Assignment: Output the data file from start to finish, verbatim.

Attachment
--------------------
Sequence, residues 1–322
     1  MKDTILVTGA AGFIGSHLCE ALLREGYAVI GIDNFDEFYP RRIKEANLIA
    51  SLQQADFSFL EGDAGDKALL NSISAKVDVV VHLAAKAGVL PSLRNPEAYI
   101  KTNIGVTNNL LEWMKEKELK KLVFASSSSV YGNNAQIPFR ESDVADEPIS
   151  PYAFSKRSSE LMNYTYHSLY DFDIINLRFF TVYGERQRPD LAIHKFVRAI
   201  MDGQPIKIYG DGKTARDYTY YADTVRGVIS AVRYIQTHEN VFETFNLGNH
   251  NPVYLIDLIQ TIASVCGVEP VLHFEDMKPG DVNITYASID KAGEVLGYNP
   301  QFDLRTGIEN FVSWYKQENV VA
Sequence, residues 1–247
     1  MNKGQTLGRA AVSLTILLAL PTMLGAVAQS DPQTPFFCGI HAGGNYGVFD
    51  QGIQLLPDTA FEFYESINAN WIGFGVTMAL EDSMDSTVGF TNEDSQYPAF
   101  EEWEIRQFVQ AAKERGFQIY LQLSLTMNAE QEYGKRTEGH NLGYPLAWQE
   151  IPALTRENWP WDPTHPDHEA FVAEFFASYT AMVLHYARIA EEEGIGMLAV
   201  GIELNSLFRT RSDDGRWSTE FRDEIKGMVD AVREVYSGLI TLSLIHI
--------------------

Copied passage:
Sequence, residues 1–322
     1  MKDTILVTGA AGFIGSHLCE ALLREGYAVI GIDNFDEFYP RRIKEANLIA
    51  SLQQADFSFL EGDAGDKALL NSISAKVDVV VHLAAKAGVL PSLRNPEAYI
   101  KTNIGVTNNL LEWMKEKELK KLVFASSSSV YGNNAQIPFR ESDVADEPIS
   151  PYAFSKRSSE LMNYTYHSLY DFDIINLRFF TVYGERQRPD LAIHKFVRAI
   201  MDGQPIKIYG DGKTARDYTY YADTVRGVIS AVRYIQTHEN VFETFNLGNH
   251  NPVYLIDLIQ TIASVCGVEP VLHFEDMKPG DVNITYASID KAGEVLGYNP
   301  QFDLRTGIEN FVSWYKQENV VA
Sequence, residues 1–247
     1  MNKGQTLGRA AVSLTILLAL PTMLGAVAQS DPQTPFFCGI HAGGNYGVFD
    51  QGIQLLPDTA FEFYESINAN WIGFGVTMAL EDSMDSTVGF TNEDSQYPAF
   101  EEWEIRQFVQ AAKERGFQIY LQLSLTMNAE QEYGKRTEGH NLGYPLAWQE
   151  IPALTRENWP WDPTHPDHEA FVAEFFASYT AMVLHYARIA EEEGIGMLAV
   201  GIELNSLFRT RSDDGRWSTE FRDEIKGMVD AVREVYSGLI TLSLIHI